In People v. Willis, supra, Van Wyck, J., examined, at considerable length, the very question involved in the case at bar. The question arose, at the Trial Term, on a motion to set aside the indictment, under section 671, Code of Criminal Procedure, and he there discussed section 313, citing People v. Petrea, 92 N.Y. 128. The motion seems to have been denied, however, upon the merits; but the court gave the construction to section 671 that it is a substitute for a nolle prosequi, under the old practice.
Section 313 was again discussed by the Appellate Division in the Fourth Department, People v. Glen, 64 A.D. 173; in the prevailing opinion reference is made to the contrariety of judicial authority, over the right to dismiss an indictment upon this ground, or to review, upon appeal, an order refusing to do so; citing People v. Dunn, 157 N.Y. 528; People v. Petrea, supra. In 64 App. Div., supra, this language was used: "Following along this line it has been held that the cases in which an indictment can be dismissed, having been prescribed, no other can be read into the section. People v. Rutherford, supra. Additional force is given to this restrictive interpretation by the amendment of the section in 1897 (chap. 427), interpolating the words, `but in no other,' indicating an intention on the part of the Legislature to limit the grounds of the motion to those embodied in this section of the Code."
To sustain the motion at bar, the defendant relies upon section 671, Code Criminal Procedure. I think that proposition is answered, by the learned justice, in the case of People v. Willis, supra.
It will be seen that, under section 313, Code of Criminal Procedure, the defendant is accorded the right to make a motion to dismiss upon the grounds therein stated; while, under section 671, the court may dismiss, on its own motion, or on motion of the district attorney. This practice seems to be a substitute for the practice under the earlier criminal law. As suggested in the Willis case, supra, it partakes of the character of a nolle prosequi, or is a substitute for ending the indictment, in furtherance of justice; however, only on motion of the district attorney, or the court itself, when facts sufficient appear before the court to warrant such action.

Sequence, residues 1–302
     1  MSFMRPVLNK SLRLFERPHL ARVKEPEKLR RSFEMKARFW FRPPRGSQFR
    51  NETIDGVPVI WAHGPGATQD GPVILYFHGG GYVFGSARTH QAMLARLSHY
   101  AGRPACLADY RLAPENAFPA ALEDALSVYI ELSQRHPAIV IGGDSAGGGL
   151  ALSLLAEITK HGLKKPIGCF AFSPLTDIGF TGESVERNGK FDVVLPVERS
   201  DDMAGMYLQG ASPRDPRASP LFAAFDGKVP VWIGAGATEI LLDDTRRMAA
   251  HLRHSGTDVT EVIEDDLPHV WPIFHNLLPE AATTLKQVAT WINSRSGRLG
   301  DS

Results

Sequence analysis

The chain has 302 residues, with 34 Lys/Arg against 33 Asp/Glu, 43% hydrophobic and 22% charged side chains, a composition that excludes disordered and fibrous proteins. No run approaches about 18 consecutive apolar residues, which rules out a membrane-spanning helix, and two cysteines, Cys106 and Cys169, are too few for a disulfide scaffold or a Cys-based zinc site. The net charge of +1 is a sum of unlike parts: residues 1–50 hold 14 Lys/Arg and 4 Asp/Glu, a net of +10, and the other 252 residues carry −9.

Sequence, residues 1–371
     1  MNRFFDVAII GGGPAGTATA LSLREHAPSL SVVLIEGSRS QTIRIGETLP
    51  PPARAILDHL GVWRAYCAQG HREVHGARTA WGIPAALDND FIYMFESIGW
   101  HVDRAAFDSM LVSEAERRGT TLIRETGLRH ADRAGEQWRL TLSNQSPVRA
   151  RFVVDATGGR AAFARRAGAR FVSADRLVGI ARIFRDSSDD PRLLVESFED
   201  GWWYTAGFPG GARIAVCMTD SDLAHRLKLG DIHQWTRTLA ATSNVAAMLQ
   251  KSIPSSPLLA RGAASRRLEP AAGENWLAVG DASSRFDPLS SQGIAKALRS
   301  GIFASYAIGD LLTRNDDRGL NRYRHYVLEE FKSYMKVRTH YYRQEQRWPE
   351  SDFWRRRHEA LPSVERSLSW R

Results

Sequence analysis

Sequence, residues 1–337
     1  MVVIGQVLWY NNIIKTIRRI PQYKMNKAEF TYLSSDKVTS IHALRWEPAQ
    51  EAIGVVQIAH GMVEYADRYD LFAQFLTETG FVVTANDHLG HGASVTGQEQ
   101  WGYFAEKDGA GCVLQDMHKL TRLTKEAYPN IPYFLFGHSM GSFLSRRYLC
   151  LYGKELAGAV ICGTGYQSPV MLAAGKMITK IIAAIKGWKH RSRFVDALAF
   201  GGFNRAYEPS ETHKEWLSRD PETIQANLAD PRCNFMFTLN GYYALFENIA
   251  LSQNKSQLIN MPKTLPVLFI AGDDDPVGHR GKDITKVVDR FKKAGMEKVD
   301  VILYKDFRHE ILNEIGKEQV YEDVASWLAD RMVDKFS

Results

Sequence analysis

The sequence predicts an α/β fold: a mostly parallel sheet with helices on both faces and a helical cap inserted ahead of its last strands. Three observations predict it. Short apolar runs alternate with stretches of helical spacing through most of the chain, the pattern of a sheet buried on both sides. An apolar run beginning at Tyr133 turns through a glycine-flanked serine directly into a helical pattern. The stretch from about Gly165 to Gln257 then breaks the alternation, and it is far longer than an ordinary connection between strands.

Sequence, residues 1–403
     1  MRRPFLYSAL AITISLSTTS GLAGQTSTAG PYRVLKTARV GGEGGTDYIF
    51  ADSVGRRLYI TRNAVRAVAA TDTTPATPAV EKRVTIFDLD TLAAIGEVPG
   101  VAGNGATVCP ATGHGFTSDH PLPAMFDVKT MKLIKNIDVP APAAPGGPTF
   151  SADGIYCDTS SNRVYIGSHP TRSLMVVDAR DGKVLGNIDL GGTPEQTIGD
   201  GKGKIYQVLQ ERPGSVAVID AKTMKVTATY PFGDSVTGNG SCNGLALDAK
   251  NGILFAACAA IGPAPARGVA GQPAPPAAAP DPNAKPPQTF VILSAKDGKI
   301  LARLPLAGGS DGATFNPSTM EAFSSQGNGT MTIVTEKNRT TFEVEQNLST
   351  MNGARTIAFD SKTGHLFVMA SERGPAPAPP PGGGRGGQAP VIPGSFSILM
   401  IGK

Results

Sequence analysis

The defendant also cites People v. Thomas, 32 Misc. 170, where, at Trial Term, Fursman, J., on a motion to set aside the indictment, found in the Court of Special Sessions in New York city, discusses section 313, and section 671, holding that the inherent power of the court to set aside an indictment for grounds other than those specified in section 313, is not limited by that section; and suggests that the court may exercise that power under section 671. The learned justice seems to have overlooked the fact that the power is to be exercised by the court, on its own motion, which precludes the idea, in my judgment, of entertaining a motion on the part of the defendant, for that purpose, since that section limits the exercise of power to the court, or on motion of the district attorney.
The question under discussion is of too much importance to be left in doubt; since if these questions cannot be disposed of on motion, they will have to be met at the trial of the indictment. This view seems to have been entertained in People v. Willis, supra.
Unless the defendant desires to appeal, thus reviewing this question before the Appellate Division, whose former interpretation I must follow, some way must be provided on the trial, to meet the questions sought here to be reviewed on the merits. A decision by the learned Appellate Division, on that question, will be much more satisfactory to the defendant, and to the people.
I must, therefore, deny the motion to set aside the indictment, on the preliminary objections raised by the district attorney.